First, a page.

His fellow officers think Harry Doyle speaks a dead language. Close.
When Harry was ten, and his brother Jimmy six, their mother decided to murder them—an act required, she explained, because she’d asked God to “deliver her sons to His heavenly peace.” Jimmy checked out as planned, but at the last possible moment, Harry was dragged back to life by a couple of CPR-savvy Tampa patrolmen. Years later, a sardonic colleague nicknames Harry, now a cop, the “dead detective,” and it sticks. He proves a natural, cracking cases at an impressive rate. In the homicide unit of the Pinellas County (Florida) sheriff’s department, conventional wisdom maintains that the dead detective converses with the deceased, and in a sense he does. Staring down at the corpse of Darlene Beckett, for instance, he can lock onto the disbelief that preceded terror at the instant of her death. It’s as if she’s found a posthumous way to communicate a sequence of emotions only Harry is privy to. As it turns out, Darlene Beckett’s is no ordinary case. Stunningly beautiful, she was also infamous, a convicted child-abuser. Harry, of course, has a special, painfully complex connection to that kind of woman. Will it help or hinder him now?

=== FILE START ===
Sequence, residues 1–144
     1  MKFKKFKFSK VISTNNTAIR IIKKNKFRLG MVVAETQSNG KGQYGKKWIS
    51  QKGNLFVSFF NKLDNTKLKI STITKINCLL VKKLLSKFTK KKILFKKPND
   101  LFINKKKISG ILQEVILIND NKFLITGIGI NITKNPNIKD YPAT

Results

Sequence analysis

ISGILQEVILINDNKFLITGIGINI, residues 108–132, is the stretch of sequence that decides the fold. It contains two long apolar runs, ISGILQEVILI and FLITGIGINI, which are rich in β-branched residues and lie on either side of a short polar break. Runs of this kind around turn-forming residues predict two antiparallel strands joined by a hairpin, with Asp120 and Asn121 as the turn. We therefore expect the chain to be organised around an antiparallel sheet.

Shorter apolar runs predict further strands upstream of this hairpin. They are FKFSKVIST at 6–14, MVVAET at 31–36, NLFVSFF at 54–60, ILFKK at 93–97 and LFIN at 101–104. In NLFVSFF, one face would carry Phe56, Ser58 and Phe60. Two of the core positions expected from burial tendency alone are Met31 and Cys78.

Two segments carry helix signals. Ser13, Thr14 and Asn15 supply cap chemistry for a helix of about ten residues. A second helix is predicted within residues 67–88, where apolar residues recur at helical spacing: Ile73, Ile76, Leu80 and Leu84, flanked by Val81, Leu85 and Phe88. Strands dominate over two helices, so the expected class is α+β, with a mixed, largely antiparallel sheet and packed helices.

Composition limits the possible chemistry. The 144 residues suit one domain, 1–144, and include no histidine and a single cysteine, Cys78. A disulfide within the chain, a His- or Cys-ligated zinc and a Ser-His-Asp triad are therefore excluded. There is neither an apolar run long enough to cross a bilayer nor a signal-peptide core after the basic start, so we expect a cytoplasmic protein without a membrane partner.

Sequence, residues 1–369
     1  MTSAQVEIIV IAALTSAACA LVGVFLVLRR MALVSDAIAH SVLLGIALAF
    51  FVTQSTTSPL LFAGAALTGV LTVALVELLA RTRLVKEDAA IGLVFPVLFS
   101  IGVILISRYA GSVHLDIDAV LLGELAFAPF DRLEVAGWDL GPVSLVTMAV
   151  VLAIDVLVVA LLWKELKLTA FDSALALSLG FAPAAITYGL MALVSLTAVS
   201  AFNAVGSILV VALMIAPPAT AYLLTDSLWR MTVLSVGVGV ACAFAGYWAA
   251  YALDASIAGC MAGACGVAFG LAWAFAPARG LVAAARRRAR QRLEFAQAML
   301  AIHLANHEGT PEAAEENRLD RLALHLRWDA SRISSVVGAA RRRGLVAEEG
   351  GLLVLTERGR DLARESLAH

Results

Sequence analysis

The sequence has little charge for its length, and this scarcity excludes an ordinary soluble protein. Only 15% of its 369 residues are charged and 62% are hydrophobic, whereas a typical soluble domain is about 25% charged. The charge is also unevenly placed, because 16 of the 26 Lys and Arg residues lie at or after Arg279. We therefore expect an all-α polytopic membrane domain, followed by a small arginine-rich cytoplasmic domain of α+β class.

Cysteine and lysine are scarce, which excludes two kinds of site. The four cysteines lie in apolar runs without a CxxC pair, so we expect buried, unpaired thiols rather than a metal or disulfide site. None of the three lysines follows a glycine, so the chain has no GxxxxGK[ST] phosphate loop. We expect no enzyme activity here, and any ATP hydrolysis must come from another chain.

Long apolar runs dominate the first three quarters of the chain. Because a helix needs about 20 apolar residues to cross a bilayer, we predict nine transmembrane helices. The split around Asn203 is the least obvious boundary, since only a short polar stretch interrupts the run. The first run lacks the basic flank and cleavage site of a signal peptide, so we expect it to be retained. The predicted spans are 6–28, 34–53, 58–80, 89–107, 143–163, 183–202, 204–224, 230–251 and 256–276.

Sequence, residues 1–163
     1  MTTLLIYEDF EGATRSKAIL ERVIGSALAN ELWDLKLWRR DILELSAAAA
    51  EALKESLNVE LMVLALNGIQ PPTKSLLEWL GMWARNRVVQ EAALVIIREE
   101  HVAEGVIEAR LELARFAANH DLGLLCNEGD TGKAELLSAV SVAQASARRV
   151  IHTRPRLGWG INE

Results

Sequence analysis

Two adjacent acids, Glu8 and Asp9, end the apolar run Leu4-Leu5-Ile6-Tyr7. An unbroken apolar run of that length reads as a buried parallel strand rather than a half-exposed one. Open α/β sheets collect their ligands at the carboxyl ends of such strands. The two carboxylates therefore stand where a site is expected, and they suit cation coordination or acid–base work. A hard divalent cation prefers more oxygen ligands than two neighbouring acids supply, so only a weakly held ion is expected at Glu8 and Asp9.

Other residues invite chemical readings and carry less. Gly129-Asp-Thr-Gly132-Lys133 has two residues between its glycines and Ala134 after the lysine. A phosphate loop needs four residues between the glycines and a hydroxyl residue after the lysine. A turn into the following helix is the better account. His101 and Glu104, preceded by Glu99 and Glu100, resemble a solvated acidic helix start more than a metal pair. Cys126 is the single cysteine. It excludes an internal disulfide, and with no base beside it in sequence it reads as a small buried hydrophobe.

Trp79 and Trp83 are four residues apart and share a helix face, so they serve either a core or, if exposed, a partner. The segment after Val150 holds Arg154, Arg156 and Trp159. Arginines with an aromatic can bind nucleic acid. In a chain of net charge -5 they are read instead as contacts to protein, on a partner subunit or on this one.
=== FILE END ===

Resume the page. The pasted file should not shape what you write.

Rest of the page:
After a lengthy hiatus, Edgar-winner Heffernan (A Time Gone By, 2003, etc.) makes a welcome return. Though the plotting shows some rust here and there, tough, troubled Harry Doyle will keep readers in line.